Today we celebrate the apple, that sweet, tart and firm-fleshed fruit of autumn. Fragrant like its cousin the rose, the apple blushes but isn’t a pushover.
But alas, all I can think about these days is the rabbit in plum sauce I recently made. The interaction of fruit and flesh fosters a mutual unlocking of flavor, as the acid and fat impregnate everything, and everything gets soft and falls apart together.
“That’s it,” I realized. “I’ll make rabbit in apple sauce!”
“No,” I flip-flopped. “That’s not quite right. Maybe lamb chops and applesauce? No.”
I called Bosco, a Bitterroot farmer who specializes in pigs and apples. He told me to come over.
When I got there, Bosco was carrying a fried pork chop across his kitchen skewered on a knife. The chop had marinated in a mixture of chopped red onion, chopped garlic, salt, Worchestershire sauce, home-made tarragon cider vinegar and Bosco’s signature product: cider syrup.
I’m quite familiar with cider syrup. It’s got the crisp and bright flavor of apple cider, thickened and condensed and sweetened into a dense, glorious ray of autumn sunshine. Cider syrup is a load-bearing component of my perfect pickled peppers. And lately I’ve been adding cider syrup to plum chutney. And then there are pancakes, smoothies and, of course, marinades and sauces for meat.
Upon the pork chops we spooned apricot sauce spiced with freshly dug horseradish and a barbecue sauce built on a base of tomato and cider syrup. It was pure ooo la la. Bosco wrote the sauce recipes for me on the back of a pig-butchering diagram. While I don’t have space here to give the recipes, shoot me an e-mail if you want them.
Although pleasantly sated for the moment, I didn’t lose sight of my pork chops and apple sauce. We strolled into his orchard to collect some bright red Macintosh apples, which dangled like rubies from the trees.
The branches were filled with free-range heirloom turkeys, hunching like vultures. Turkeys also prowled the ground. While many Montana farmers suffered a plague of grasshoppers this summer, Bosco saw few, thanks to his birds. And unlike high-maintenance modern turkey varieties, these old varieties can live without life support. “The modern turkeys are called ‘broad breasted,’” Bosco explains. “Their chests are so big they can’t even get close enough to mate, so it’s all done by artificial insemination. It’s been so long those turkeys don’t even remember how to mate.”
Chef Boy Ari can relate. And I can’t help but compare the turkeys’ condition to our society’s fixation with large human breasts. I can’t help but wonder where it all will lead.
In an enclosed section of the orchard, Bosco’s pigs have made themselves at home. Pigs are natural diggers, used by homesteaders in the old days to clear land. Beneath the apple trees it looks like a plow has been through. The pigs root and eat the knapweed and quack grass, aerating the soil and leaving manure as they go. Bosco sows pasture grass behind them.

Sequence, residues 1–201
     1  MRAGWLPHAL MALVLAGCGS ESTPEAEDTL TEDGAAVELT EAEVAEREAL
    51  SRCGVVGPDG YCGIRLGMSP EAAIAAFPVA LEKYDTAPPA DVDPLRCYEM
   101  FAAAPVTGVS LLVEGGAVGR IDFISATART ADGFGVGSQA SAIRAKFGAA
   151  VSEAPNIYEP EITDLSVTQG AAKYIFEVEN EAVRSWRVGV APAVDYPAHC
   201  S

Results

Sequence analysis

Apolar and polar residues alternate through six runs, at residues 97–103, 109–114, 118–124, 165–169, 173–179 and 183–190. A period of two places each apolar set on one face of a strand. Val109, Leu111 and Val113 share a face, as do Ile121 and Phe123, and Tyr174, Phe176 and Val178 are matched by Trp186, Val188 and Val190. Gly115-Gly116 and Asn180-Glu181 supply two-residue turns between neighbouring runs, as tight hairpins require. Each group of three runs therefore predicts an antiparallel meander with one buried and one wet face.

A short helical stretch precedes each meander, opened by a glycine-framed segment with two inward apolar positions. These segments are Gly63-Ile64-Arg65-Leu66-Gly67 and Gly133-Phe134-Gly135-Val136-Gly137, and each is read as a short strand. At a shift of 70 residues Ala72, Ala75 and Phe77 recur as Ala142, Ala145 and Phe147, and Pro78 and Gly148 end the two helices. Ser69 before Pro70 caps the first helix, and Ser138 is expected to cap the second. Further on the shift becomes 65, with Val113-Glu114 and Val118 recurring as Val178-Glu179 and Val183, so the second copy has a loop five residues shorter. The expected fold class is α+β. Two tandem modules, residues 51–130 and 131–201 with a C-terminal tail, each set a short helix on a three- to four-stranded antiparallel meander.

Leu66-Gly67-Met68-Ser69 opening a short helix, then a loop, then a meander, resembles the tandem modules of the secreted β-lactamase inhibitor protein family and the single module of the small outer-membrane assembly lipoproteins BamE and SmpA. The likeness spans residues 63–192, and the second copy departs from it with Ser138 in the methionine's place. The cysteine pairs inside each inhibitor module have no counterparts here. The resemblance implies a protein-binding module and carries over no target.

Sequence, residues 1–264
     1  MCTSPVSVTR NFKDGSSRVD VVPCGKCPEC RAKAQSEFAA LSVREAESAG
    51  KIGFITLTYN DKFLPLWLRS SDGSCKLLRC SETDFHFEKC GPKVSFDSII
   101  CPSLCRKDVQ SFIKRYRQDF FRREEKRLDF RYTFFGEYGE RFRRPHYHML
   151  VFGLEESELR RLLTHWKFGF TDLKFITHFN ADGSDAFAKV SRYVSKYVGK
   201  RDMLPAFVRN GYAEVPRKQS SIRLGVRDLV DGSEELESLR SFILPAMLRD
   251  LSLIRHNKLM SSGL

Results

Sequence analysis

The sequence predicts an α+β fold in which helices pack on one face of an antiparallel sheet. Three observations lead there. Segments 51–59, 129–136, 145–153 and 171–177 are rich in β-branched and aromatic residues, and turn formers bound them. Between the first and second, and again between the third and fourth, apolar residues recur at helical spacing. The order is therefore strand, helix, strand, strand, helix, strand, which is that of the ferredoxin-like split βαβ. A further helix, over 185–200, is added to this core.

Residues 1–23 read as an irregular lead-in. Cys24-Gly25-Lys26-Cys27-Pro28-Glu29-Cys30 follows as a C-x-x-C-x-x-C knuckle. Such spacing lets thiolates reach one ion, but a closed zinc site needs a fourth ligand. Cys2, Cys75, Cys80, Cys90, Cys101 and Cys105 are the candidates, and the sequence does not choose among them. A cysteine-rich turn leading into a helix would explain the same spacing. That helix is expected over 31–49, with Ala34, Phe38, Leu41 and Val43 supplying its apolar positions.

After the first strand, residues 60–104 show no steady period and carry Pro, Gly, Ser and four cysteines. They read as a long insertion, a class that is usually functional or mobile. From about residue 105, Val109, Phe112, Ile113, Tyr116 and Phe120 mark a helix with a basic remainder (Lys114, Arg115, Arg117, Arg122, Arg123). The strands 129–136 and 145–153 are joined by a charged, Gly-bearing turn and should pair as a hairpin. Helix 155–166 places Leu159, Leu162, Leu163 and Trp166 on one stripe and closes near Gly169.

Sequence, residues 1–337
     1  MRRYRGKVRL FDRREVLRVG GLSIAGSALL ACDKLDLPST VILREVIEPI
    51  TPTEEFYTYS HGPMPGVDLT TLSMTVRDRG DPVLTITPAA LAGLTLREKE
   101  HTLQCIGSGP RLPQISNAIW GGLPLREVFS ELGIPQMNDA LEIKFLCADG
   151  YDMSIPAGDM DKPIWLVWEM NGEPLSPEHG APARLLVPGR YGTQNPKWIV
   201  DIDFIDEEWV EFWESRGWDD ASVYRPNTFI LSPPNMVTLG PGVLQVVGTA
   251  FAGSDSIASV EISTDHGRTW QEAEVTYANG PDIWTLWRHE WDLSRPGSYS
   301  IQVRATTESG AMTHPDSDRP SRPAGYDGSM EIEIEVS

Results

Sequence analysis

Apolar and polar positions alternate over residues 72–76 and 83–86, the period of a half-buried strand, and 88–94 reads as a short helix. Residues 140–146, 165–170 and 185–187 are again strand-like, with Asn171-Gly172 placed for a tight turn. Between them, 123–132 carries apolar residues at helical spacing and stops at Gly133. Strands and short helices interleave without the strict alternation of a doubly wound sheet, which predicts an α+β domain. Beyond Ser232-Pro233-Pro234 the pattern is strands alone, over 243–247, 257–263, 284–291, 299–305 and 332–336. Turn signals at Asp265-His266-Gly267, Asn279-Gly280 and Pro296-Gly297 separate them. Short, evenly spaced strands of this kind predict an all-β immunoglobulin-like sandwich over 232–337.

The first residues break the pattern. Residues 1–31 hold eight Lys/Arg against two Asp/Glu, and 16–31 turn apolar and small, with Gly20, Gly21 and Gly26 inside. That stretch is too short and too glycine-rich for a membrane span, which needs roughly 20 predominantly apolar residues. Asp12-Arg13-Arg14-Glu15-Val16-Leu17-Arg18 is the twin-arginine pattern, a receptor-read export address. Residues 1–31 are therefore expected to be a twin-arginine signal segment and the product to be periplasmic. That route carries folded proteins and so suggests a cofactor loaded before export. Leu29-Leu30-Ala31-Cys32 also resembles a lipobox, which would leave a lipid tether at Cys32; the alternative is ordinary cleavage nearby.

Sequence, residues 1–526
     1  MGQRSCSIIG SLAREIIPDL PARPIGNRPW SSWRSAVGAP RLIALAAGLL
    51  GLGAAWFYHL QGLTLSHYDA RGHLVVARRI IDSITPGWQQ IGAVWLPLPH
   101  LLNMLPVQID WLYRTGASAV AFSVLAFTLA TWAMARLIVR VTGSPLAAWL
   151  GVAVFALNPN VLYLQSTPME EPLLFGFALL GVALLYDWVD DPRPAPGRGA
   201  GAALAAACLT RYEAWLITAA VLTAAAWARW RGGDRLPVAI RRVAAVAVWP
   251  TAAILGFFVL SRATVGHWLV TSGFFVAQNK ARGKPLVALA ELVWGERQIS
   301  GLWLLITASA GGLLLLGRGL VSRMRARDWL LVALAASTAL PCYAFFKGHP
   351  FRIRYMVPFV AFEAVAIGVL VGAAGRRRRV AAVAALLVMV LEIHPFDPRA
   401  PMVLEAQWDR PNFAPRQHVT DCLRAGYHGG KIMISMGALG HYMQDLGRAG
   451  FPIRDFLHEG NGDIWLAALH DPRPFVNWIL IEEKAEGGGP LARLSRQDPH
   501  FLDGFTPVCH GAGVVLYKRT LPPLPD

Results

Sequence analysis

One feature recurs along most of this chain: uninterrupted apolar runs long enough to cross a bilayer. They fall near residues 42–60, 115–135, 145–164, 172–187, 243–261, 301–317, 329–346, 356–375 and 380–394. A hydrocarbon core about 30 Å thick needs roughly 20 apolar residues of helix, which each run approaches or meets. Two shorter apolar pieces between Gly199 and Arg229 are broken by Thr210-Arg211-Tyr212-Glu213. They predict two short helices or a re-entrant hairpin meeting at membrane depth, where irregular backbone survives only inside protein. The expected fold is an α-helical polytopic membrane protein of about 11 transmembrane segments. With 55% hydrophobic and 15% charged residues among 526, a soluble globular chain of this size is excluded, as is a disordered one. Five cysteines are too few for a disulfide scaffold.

Bosco hopped the high-voltage fence and mingled with the swine, a man and his pigs. They followed him around affectionately as he scratched ears and tossed apples. I related a story about a commercial pig farmer falling into his pig pen and never coming out. “Put you ass-to-nose with 600 pigs on a concrete floor and watch how your disposition changes,” said Bosco. “See whose ass you want to kick.”
“Those industrial pigs grow to 250 lbs in six months on a diet full of hormones and antibiotics. They have no muscle tone, lots of fat. I look at commercial bacon and I can’t believe it. It’s all fat. People pay $3 or $4 a pound for fat. You don’t want to eat fat…”
I cleared my throat and straightened my stance.
“Well, maybe you do, Chef Boy Ari, but most normal people don’t. My pigs are lean.”
Besides weeds and apples, Bosco’s pigs eat spent barley from Bitterroot Brewery and organic whey from Lifeline Dairy. He sells them by the half-pig, cut and wrapped, including breakfast sausage. Lard is optional. Call 363-6139 for pork or apple products.
I took home some pork chops and apples and adapted my aforementioned rabbit/plum dish.
Cut the pork chops into chunks, leaving some meat on the bone. Season the chunks with salt and pepper and dredge them in breadcrumbs. Fry slowly in butter in a cast-iron skillet.
Use at least three apples per chop. I have a spinning peeler/corer thingie that turns an apple into a naked Slinky. Bosco uses a push-down corer that makes several slices. You can also use a knife, peeling the skin if you like.
Put cut apples in the hot pan. Mix together on low-medium heat, adding eight whole cloves of garlic and one cup of chicken stock. Put a lid on the skillet and bake for an hour at 375. If it starts to dry, add water. Some potatoes added to the pan before baking will absorb the flavor beautifully.
Pig yourself out!